$nt_names->add_entry($T, 'fullname' => 'thymidine');

for ($A,$G) {
$nt_types->add_entry($_, 'type' => 'purine');

for ($C,$T) {
$nt_types->add_entry($_, 'type' => 'pyrimidine');

In general, you provide a hash reference that maps properties to values to the Node and Relationship constructors. To create an Index, the first argument is the index type (‘node’ or ‘relationship’), followed by the index name. Use the add_entry method to add an object to an index with a tag => value pair.
On to relationships. We create a relationship index to corral the mutation types, and express the mutation types as relationship objects. Using the relate_to method from node objects, we create relationships between pairs of nodes with a pretty natural syntax:
my $nt_mutation_types = REST::Neo4p::Index->new('relationship','nt_mutation_types');

my @all_pairs;
my @a = @nts;
while (@a) {
my $s = shift @a;
push @all_pairs, [$s, $_] for @a;

for my $pair ( @all_pairs ) {
if ( $pair->[0]->get_property('type') eq
$pair->[1]->get_property('type') ) {
'mut_type' => 'transition'
'mut_type' => 'transition'
else {
'mut_type' => 'transversion'
'mut_type' => 'transversion'

The relate_to method returns the relationship object that is created. Here we use that side effect directly in the add_entrymethod of the index.
If you prefer, you can use a relationship constructor:
 $transition = REST::Neo4p::Relationship->new($A, $G, 'transition');
Relationship properties can be added in the constructor, or after the fact:
 $transition->set_property('involved_types' => 'purines');

Perl garbage collection removes objects from memory, but does not delete from the database. You must do this explicitly, using the the remove method on any entity:
 for my $reln ($A->get_relationships) {
# etc.

Retrieve and query

The REST::Neo4p module itself contains a few methods for retrieving database items directly. The most useful is probably get_index_by_name. Index objects have find_entries for retrieving the items in the index.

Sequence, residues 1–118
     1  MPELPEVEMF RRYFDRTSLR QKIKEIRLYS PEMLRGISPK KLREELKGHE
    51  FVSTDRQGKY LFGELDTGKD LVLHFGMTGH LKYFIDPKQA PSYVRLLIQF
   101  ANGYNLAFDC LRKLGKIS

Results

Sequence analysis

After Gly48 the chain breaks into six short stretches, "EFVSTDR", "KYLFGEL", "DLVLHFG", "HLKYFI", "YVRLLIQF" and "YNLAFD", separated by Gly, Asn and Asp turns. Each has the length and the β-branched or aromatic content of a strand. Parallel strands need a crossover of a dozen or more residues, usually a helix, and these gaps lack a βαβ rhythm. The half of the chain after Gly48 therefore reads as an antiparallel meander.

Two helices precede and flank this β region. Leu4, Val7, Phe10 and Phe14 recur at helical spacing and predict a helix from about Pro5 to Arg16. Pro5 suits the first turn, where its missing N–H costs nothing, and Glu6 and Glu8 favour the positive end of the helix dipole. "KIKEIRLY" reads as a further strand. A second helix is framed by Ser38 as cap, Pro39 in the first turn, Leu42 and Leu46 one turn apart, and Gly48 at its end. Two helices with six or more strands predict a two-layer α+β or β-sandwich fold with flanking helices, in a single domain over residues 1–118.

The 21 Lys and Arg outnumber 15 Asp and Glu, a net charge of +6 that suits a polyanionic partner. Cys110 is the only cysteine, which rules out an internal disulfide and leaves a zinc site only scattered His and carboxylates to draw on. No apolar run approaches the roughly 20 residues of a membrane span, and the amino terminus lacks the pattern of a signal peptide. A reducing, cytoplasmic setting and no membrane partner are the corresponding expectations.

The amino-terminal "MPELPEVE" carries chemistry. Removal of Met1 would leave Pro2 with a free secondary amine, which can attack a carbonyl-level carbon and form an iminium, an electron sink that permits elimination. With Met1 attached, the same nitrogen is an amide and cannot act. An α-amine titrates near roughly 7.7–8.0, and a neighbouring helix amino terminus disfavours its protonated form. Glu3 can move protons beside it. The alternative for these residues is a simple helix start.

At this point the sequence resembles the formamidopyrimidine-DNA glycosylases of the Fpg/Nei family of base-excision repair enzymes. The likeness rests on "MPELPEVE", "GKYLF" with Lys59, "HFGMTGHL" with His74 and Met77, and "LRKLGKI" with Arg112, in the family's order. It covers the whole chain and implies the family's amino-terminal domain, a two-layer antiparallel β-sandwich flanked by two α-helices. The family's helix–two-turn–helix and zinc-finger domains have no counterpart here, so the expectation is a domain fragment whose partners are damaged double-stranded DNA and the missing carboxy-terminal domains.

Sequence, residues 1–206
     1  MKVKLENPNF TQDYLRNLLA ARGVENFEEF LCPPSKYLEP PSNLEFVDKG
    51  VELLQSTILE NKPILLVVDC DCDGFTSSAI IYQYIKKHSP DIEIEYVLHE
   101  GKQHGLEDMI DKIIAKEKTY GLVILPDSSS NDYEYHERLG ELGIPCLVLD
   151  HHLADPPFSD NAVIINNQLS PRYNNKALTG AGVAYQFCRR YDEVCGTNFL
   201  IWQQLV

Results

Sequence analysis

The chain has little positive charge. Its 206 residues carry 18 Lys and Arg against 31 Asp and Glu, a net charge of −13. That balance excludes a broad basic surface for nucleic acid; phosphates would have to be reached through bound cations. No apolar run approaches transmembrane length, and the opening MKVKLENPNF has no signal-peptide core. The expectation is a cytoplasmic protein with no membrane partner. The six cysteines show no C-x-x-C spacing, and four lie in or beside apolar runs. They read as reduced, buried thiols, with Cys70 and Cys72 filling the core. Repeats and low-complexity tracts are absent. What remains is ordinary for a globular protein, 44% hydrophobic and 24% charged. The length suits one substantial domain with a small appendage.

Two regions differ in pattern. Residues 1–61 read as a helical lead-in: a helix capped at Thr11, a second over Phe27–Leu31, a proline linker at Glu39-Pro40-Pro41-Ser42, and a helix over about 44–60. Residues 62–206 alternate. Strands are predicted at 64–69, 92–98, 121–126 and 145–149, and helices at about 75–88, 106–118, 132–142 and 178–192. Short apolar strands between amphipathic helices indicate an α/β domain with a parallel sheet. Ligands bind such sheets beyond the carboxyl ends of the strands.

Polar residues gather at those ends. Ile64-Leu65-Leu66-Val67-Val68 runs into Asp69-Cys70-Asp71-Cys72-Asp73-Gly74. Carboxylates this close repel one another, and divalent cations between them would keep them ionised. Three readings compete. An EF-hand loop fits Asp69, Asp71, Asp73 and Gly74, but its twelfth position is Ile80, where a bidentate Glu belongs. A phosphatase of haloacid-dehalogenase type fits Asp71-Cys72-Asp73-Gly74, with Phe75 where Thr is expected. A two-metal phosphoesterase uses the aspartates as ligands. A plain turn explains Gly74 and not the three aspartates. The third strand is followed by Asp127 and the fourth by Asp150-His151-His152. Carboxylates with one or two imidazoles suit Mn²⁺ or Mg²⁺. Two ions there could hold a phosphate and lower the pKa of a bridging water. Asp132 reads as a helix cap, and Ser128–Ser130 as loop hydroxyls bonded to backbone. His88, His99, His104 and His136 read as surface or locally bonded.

use REST::Neo4p;
use strict;
use warnings;

my $idx = REST::Neo4p->get_index_by_name('nt_names','node');
my ($node) = $idx->find_entries(fullname => 'adenine');
my @nodes = $idx->find_entries('fullname:*');

Note that find_entries always returns an array, and it supports either an exact search or a lucene search.
REST::Neo4p also supports the CYPHER query REST API. Entities are returned as REST::Neo4p objects. Query results are always sent to disk, and results are streamed via an iterator that is meant to imitate the commonly used Perl database interface, DBI.
Here we print a table of nucleotide pairs that are involved in transversions:
my $query = REST::Neo4p::Query->new(
'START r=relationship:nt_mutation_types(mut_type = "transversion")
MATCH a-[r]->b
while (my $result = $query->fetch) {
print $result->[0]->get_property('name'),'->',

The query is created with the CYPHER code, then executed. The fetch iterator retrieves the returned rows (as array references) one at a time until the result is exhausted. Again, the result is not held in memory, so queries returning many rows should not present a big problem.

Production-quality Features

My goal for REST::Neo4p is to go beyond the Perl experiments with Neo4j that are out there to create modules that are robust enough for production use (yes, people DO use Perl in production!). This meant a couple of things:
  • Be robust and feature-rich enough that people will want to try it.
  • Be responsive enough to bugs that people will see it maintained.
  • Incorporate unit and integration tests into the user installation.
  • Have complete documentation with tested examples.
  • Create bindings to as many of the Neo4j REST API functions as is possible for a guy with a real job.
  • Be concerned with performance by being sensitive to memory use, and taking advantage of streaming and batch capabilities.
  • Capture both Perl and Neo4j errors in a catchable way.

There isn’t space here to discuss these points in detail, but here are some highlights and links:
  • REST::Neo4p::Agent is the class where the REST calls get done and the endpoints are captured. It subclasses the widely-used LWP::UserAgent and can be used completely independently of the object handling modules, if you want to roll your own Neo4j REST interface.
  • The batch API can be used very simply by including the REST::Neo4p::Batch mixin. Visit the link for detailed examples.
  • When paths are returned by CYPHER queries, they are rolled up into their own simple container object REST::Neo4p::Path that collects the nodes and relationships with some convenience methods.
  • You can choose to have REST::Neo4p create property accessors automatically, allowing the following:
     $node->set_property( name => 'Fred' );
    print "Hi, I'm ".$node->name;
  • REST::Neo4p::Index allows index configuration (e.g., fulltext lucene) as provided by the Neo4p REST API.

I hope Perlers will give REST::Neo4p a try and find it useful. Again, I appeciate the time you take to report bugs.